How To: Crop Images in Powerpoint
When using PowerPoint, there are a number of techniques given to ensure your audience’s attention is exactly where you want it on the screen. One of these is to emphasise the exact part of the image on the screen to highlight that particular detail while still giving context behind it. The steps to cropping (or masking as it’s sometimes called) are simple once you know them. Here we will detail those steps.
You can click any of the pictures to see them full screen in full detail.
Step 1 – Prepare.
Start by determining your image and ensuring only the relevant parts on on the display part of the slide by bleeding the rest over the edges or using the crop tool. Here we’re going to work on Peter the Peacock and will use the second, duplicated slide.
Step 2 – Copy and paste.
Select the image and simply copy and paste it. If you’re a keyboard shortcut pro, go all Ctrl+C, Ctrl+V on it! Here you can see it pastes it offset slightly from the original image.
Step 3 – Align.
We want both the original image and the copy to sit exactly on top of each other. Often, the easiest way to do this is to align both of them to the centre (horizontal alignment) and the middle (vertical alignment) in the Picture Tools tab. If not, click and drag and they should snap together.
Step 4 – Aspect ratio.
Select the image (Powerpoint will select the one on top by default) and using the crop tool, click and drag the corners to highlight the approximate area you want emphasised. Because we’re going to make this a circle later and shapes generally look better with an even shape, we’re going to make sure it’s a perfect square. Using the crop menu, select crop to aspect ratio 1:1, which will automatically square up the highlight.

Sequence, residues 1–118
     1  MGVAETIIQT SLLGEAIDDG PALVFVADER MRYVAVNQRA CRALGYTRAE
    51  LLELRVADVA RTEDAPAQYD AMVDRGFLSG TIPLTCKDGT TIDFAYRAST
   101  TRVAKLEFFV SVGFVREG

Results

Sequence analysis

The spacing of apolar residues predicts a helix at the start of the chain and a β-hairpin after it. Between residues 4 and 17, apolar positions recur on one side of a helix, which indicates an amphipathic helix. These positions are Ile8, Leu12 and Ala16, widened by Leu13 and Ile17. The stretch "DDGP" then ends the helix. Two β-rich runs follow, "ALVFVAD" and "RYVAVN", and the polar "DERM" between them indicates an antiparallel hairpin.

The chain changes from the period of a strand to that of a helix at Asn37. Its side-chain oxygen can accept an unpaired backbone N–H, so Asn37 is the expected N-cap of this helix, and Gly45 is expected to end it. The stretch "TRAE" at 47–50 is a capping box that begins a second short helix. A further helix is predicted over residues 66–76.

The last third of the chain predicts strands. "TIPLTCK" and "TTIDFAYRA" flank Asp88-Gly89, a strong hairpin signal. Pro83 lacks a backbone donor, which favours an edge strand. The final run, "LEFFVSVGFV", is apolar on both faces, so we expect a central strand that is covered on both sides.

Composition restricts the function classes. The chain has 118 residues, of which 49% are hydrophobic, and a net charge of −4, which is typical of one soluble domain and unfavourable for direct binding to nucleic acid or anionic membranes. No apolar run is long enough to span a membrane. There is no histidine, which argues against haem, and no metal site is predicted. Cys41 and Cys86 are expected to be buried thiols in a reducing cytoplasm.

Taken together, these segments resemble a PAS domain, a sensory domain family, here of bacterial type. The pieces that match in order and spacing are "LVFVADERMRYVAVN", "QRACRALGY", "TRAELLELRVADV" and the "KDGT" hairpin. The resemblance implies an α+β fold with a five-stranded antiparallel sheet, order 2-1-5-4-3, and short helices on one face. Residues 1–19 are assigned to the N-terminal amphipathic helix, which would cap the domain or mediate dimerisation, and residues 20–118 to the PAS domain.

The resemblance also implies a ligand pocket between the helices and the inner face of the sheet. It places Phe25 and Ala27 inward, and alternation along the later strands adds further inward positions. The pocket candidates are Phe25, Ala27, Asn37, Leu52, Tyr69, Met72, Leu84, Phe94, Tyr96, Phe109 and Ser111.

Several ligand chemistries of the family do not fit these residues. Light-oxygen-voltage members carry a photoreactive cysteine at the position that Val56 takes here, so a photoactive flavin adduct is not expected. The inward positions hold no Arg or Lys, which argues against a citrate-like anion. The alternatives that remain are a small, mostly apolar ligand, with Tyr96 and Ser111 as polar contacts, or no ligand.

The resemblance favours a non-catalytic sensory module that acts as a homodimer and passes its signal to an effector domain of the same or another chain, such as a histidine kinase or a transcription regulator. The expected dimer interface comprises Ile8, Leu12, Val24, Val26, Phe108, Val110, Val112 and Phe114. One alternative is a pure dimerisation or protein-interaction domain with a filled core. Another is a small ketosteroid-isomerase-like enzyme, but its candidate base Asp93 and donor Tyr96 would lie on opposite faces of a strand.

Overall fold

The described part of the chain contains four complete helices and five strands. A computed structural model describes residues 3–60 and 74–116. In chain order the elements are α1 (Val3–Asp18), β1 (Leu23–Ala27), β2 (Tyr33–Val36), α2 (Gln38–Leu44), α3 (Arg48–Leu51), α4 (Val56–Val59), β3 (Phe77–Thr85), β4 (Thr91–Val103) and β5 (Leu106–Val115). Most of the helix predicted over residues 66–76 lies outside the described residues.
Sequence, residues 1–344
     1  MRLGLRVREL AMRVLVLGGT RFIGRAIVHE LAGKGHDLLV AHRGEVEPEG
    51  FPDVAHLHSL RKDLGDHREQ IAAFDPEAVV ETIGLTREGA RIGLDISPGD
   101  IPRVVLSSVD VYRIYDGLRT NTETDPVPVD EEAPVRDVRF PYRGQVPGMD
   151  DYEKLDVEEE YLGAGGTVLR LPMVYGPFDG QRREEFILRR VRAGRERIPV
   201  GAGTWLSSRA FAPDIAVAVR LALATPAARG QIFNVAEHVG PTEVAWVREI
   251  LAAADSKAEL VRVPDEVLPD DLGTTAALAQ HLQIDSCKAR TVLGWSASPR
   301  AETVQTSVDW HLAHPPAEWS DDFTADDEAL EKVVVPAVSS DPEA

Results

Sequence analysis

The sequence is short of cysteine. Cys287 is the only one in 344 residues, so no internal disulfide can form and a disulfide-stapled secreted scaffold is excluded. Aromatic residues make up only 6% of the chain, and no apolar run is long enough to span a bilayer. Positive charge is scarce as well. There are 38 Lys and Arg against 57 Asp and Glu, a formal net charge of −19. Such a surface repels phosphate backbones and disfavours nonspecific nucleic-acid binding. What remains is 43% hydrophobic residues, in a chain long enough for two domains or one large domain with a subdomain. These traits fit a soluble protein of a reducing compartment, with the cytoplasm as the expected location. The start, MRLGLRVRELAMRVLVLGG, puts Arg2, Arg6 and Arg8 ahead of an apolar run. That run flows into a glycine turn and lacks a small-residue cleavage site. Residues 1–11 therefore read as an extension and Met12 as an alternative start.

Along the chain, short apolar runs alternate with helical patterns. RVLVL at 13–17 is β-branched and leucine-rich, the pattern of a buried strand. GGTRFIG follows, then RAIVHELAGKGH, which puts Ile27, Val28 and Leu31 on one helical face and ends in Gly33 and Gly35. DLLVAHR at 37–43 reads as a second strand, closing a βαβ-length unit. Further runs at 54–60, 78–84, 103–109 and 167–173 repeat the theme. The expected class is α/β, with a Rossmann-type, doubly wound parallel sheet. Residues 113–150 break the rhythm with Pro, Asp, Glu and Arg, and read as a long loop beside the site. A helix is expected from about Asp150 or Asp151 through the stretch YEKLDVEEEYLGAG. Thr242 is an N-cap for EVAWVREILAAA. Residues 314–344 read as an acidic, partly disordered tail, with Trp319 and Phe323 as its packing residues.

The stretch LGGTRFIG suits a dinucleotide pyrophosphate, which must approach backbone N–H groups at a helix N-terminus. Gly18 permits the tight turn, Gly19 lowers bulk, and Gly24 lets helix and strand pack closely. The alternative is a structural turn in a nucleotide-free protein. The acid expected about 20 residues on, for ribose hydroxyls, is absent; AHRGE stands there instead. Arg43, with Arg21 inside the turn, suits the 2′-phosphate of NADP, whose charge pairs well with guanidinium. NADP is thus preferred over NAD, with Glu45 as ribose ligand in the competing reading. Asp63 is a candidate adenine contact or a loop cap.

Step 5 – Shape.
I’ve decided Peter is looking too edgy and I want him to be more round. So again back into the crop tool and this time crop to shape. You can crop to any shape you see there, but I’m doing it this time and I say he’s going to be a circle!
Once you click that, the top image is now cropped to a perfect circle, right around the specific part you want to emphasise. It looks no different, but that’s just because the two images are perfectly aligned – remember Step 3?
Step 6 – Add emphasis.
From here you can edit the top, masked/cropped image to suit your needs. Here we add a quick border using our colour template. This will help separate the emphasised bit from the background. You could add any sort of border or effect you wanted. Oh, the possibilities!
Step 7 – Remove emphasis.
And lastly, you might want to remove emphasis from the background. We keep the background because it adds context, but is not the highlight of the slide. Select it and go to town with the settings do to with colour or effects. In the example below Peter has found his plumage somewhat blurred. We discuss and display a few effective options in our Presentation Skills Workshop.
These can become quite visually attractive and remove a huge deal of distraction from your presentation. These few simple steps above can get you started in making sure your image is the most relevant for your message and your audience.
As you get comfortable with the basics, I encourage you to play around with different shapes, colours, images, alignments.. PowerPoint is your oyster. Often, we learn best and find the best results by clicking wildly around and seeing what happens.